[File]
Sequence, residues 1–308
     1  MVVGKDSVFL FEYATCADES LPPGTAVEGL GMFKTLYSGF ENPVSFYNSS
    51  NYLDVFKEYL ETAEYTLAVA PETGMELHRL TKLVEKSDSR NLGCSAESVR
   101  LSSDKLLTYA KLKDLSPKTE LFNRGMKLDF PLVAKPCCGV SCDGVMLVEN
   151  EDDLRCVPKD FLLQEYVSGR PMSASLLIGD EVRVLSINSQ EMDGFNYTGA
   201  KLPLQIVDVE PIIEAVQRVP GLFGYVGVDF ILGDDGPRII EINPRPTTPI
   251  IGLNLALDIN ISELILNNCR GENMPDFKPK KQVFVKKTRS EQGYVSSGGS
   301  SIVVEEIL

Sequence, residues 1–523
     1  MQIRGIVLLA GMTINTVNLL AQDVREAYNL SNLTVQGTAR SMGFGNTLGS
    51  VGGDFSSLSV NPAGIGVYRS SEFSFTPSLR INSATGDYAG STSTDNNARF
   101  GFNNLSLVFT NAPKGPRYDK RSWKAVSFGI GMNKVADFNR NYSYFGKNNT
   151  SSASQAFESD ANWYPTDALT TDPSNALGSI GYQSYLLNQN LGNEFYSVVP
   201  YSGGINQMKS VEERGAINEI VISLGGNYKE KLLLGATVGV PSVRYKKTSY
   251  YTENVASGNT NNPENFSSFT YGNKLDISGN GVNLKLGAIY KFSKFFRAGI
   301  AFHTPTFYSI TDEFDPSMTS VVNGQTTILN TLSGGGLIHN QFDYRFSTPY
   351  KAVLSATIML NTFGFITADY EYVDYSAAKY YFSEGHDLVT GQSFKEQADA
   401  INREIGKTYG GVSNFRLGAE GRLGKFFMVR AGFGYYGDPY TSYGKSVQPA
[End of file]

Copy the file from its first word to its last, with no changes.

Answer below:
Sequence, residues 1–308
     1  MVVGKDSVFL FEYATCADES LPPGTAVEGL GMFKTLYSGF ENPVSFYNSS
    51  NYLDVFKEYL ETAEYTLAVA PETGMELHRL TKLVEKSDSR NLGCSAESVR
   101  LSSDKLLTYA KLKDLSPKTE LFNRGMKLDF PLVAKPCCGV SCDGVMLVEN
   151  EDDLRCVPKD FLLQEYVSGR PMSASLLIGD EVRVLSINSQ EMDGFNYTGA
   201  KLPLQIVDVE PIIEAVQRVP GLFGYVGVDF ILGDDGPRII EINPRPTTPI
   251  IGLNLALDIN ISELILNNCR GENMPDFKPK KQVFVKKTRS EQGYVSSGGS
   301  SIVVEEIL

Sequence, residues 1–523
     1  MQIRGIVLLA GMTINTVNLL AQDVREAYNL SNLTVQGTAR SMGFGNTLGS
    51  VGGDFSSLSV NPAGIGVYRS SEFSFTPSLR INSATGDYAG STSTDNNARF
   101  GFNNLSLVFT NAPKGPRYDK RSWKAVSFGI GMNKVADFNR NYSYFGKNNT
   151  SSASQAFESD ANWYPTDALT TDPSNALGSI GYQSYLLNQN LGNEFYSVVP
   201  YSGGINQMKS VEERGAINEI VISLGGNYKE KLLLGATVGV PSVRYKKTSY
   251  YTENVASGNT NNPENFSSFT YGNKLDISGN GVNLKLGAIY KFSKFFRAGI
   301  AFHTPTFYSI TDEFDPSMTS VVNGQTTILN TLSGGGLIHN QFDYRFSTPY
   351  KAVLSATIML NTFGFITADY EYVDYSAAKY YFSEGHDLVT GQSFKEQADA
   401  INREIGKTYG GVSNFRLGAE GRLGKFFMVR AGFGYYGDPY TSYGKSVQPA